Wednesday September 30,2015 :  A.G.A. SEEKS TO DISTANCE ITSELF FROM ILLEGAL U.S. GAMING
 
Cites organised crime involvement and releases research findings to back up claim.
 
Addressing an enforcement conference in the United States this week, American Gaming Association CEO Geoff Freeman sought to distance the legal and licensed American gaming industry in 40 states from the illegal activity in gambling across the nation, which he claimed was often associated with organised crime.
 
Freeman revealed that distinguishing itself from illicit activity has become a priority for the Association, because illegal online gambling damages the industry's credibility and (perhaps more importantly) steals customers.
 
The Association has embarked on a program of educating lawmakers on the highly regulated nature of the licensed industry, and has at the same time criticised the 1992 federal Professional and Amateur Sports Protection Act that restricts sports gambling to just four states.
 
Illegal sports betting generates a conservatively estimated $150 billion in wagers annually, and needs to be addressed, Freeman observed.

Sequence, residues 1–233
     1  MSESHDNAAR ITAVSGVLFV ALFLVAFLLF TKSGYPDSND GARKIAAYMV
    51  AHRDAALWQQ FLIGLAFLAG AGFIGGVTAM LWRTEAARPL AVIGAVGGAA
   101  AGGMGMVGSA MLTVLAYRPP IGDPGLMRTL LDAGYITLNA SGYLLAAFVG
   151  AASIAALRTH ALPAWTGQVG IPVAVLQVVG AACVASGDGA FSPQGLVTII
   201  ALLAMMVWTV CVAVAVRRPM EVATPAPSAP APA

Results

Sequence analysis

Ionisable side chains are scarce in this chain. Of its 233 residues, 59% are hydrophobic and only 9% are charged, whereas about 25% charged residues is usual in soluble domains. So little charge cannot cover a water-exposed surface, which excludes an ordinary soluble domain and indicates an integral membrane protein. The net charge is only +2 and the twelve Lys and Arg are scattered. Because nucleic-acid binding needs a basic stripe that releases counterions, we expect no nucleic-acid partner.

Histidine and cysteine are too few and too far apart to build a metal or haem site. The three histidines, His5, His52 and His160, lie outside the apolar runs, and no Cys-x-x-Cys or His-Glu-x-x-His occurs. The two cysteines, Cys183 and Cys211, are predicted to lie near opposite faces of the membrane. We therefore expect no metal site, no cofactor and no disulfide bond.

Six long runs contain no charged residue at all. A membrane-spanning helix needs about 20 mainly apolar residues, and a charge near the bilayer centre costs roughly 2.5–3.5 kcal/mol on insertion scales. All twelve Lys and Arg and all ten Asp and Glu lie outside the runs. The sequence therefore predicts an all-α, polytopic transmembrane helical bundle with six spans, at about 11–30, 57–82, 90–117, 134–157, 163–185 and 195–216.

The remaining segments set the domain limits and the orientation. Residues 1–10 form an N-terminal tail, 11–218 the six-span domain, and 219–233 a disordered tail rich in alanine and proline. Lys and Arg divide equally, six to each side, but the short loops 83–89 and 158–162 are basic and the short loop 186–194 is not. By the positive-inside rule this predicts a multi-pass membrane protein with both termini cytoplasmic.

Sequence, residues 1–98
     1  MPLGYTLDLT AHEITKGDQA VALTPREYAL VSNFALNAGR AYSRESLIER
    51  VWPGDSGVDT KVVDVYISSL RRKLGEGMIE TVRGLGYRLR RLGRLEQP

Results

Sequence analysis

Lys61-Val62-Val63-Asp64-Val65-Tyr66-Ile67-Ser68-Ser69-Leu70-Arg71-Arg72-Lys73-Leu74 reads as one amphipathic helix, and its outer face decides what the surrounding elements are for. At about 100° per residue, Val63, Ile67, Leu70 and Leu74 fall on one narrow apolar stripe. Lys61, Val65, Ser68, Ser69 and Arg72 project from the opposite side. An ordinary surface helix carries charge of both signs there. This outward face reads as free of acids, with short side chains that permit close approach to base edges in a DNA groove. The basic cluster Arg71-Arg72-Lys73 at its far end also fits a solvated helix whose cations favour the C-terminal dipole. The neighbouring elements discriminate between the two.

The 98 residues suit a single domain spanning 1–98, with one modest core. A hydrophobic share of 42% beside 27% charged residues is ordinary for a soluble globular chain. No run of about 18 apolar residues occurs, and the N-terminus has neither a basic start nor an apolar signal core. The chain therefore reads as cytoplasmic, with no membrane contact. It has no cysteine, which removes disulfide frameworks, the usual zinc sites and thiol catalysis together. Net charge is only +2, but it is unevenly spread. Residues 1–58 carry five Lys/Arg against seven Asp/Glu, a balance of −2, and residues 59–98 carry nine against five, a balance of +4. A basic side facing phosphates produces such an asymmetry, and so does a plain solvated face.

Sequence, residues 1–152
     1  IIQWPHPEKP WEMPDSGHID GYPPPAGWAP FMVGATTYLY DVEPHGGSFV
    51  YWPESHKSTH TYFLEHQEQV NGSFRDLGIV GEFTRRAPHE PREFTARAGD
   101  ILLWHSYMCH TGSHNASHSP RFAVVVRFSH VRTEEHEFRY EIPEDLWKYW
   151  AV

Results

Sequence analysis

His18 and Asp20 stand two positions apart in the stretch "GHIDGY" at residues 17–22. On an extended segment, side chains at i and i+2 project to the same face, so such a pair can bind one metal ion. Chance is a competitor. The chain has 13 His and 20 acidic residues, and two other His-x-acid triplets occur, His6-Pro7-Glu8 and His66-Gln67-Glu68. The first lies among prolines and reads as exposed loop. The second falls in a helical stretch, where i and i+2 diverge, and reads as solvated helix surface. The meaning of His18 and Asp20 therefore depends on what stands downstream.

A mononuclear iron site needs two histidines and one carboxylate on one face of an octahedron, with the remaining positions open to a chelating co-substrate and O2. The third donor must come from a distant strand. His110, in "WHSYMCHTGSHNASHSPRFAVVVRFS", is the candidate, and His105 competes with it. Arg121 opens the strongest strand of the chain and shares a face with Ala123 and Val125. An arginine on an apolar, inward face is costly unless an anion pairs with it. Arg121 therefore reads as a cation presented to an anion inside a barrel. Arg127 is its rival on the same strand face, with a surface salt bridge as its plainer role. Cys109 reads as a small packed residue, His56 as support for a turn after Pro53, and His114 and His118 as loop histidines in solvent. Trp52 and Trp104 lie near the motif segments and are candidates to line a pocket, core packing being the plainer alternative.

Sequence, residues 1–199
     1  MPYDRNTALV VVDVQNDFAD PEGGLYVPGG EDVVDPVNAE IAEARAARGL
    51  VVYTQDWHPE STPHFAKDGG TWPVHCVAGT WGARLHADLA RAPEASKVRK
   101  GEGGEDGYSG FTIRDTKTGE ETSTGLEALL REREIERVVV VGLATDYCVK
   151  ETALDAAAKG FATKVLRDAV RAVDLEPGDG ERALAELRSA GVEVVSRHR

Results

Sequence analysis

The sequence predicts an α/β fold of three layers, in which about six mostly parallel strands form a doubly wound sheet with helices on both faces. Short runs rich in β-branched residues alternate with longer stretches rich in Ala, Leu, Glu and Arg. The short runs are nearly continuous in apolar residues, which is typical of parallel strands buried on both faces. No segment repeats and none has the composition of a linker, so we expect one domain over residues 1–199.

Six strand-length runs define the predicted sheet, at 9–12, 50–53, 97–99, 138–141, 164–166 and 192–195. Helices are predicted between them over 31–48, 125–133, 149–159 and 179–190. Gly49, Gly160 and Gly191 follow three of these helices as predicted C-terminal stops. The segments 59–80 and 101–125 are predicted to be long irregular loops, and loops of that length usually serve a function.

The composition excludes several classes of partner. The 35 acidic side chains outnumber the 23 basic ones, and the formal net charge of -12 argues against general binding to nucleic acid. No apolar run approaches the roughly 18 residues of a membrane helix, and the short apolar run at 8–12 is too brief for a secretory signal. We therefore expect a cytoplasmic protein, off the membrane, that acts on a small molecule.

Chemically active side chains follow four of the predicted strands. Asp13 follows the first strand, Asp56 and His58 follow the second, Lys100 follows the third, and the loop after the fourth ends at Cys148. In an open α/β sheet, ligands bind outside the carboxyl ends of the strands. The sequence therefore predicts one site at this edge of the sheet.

To illustrate its point, the Association has released a study from Jay S. Albanese of Virginia Commonwealth University which examined federal convictions nationwide in a single year, 2014, involving 40 illegal gambling operations that included online and offshore sports betting, unregulated casino parlours and wagers on animal fights.
 
The study looked at 10 cases of online sports betting and unregulated casino parlours that linked to larger crime syndicates including the New York and Philadelphia Cosa Nostra families, a motorcycle gang and Texas drug traffickers that led to up to $68 million being seized in at least one case, or an average of $3 million each.